While you probably won’t be jumping into the pool or using that outdoor entertainment center when winter hits, you can enjoy your hot tub or spa all year round, especially in the winter. However, cold temperatures and moisture don’t mix well, and even temperate Southern California can get close to freezing. Here are a few tips to help your spa maintain proper operation and energy efficiency.
The greatest danger comes from the possibility of water freezing inside the pipes. Fortunately, most self-contained and portable spas are designed with a system to prevent water from freezing in the pipes. A thermostat or no-freeze setting on the control box forces the hot tub to maintain a constant temperature.
If your spa does not have a mode switch or operates exclusively by timer, you will have to reprogram it during the colder months. Set the timer to come on at least 15 minutes every hour. That allows the hot water to circulate through the pipes and equipment, dispelling the potential of freezing. Remember that in even colder areas, 15 minutes each hour may not be enough.
Staying Hot and Covering Up
The colder the weather, the longer your spa will take to heat up and maintain temperature. The best thing you can do to keep your spa warm and reduce your spa’s energy requirements is to use a good insulating cover. Much like a jacket on you, an insulating cover traps the warmth. You should also consider placing a floating blanket under the insulating cover. A floating blanket does a great job of keeping in the spa’s heat and reducing the need for chemicals in your spa.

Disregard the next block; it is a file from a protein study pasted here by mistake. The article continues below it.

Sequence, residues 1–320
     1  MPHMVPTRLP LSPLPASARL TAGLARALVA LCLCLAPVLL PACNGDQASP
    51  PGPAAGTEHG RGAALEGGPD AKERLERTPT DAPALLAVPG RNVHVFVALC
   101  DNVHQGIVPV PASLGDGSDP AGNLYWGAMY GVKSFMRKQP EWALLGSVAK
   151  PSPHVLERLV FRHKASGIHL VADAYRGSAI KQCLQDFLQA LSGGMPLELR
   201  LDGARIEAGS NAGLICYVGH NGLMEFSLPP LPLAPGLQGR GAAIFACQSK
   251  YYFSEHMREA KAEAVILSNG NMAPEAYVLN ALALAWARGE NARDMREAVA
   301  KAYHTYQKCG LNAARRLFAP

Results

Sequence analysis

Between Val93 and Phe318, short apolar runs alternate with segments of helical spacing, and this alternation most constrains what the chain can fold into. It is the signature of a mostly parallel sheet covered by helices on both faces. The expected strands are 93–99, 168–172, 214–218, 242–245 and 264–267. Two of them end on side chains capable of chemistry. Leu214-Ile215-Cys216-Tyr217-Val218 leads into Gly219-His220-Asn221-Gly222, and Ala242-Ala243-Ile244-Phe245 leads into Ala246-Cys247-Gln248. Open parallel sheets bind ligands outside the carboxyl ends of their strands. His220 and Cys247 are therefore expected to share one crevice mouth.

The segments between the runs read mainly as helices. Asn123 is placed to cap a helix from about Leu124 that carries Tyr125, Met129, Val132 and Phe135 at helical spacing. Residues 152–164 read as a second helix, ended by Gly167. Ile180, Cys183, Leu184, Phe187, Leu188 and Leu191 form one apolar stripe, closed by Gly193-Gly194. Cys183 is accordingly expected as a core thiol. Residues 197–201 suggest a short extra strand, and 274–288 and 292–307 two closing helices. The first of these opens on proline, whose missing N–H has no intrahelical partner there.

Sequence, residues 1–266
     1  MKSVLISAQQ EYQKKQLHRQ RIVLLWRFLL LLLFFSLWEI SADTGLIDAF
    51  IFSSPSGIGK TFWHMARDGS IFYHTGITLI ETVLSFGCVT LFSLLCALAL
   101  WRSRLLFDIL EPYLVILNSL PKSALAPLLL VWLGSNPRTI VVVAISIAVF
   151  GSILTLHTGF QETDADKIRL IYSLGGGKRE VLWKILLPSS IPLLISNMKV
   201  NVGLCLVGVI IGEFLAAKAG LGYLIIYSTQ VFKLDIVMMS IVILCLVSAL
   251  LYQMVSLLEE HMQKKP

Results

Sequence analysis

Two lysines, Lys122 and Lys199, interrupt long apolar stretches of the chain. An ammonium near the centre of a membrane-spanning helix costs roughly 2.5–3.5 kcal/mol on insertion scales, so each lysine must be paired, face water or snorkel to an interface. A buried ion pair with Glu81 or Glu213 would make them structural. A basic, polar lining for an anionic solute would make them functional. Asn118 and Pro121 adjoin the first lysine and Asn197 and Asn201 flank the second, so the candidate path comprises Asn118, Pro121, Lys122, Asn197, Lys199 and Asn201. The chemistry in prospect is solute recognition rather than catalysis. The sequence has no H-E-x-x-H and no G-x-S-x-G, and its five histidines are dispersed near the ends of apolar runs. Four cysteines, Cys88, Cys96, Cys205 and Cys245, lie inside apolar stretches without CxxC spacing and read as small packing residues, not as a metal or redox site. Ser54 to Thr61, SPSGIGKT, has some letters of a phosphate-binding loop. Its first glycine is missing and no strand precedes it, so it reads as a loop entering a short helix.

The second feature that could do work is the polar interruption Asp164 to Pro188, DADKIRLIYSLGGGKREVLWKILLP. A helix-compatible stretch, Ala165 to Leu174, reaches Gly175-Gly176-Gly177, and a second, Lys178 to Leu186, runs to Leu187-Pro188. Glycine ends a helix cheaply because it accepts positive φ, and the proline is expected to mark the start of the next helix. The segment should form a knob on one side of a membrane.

If you live in an area of snow and frost, make sure you remove it from the top of your spa’s cover periodically. Covers aren’t made to hold that extra weight. Lay a plastic tarp over your spa’s cover for easy snow removal. Consult your local San Diego pool builder for the best covers for your particular spa.
Draining and Cleaning
Spa and swimming pool design are such that they require regular cleaning. Cleaning and draining your spa will be a big help in maintaining your spa’s performance. Wipe your hot tub’s surface with a nonabrasive bathroom cleaner and rinse thoroughly. Fill the tub with hot water above its jets. Add about a quarter cup of dishwashing detergent or half a cup of bleach, and turn the jets on for fifteen minutes before draining the water. Once the tub is drained, fill it above the jets with cold water for one last rinse. Turn the jets on for 15 minutes then drain the water from the tub.
Don’t wait until the first frost to drain and clean your spa. Preferably, you’ll want to perform any basic maintenance in the late fall, which should hold you over until the end of the colder months.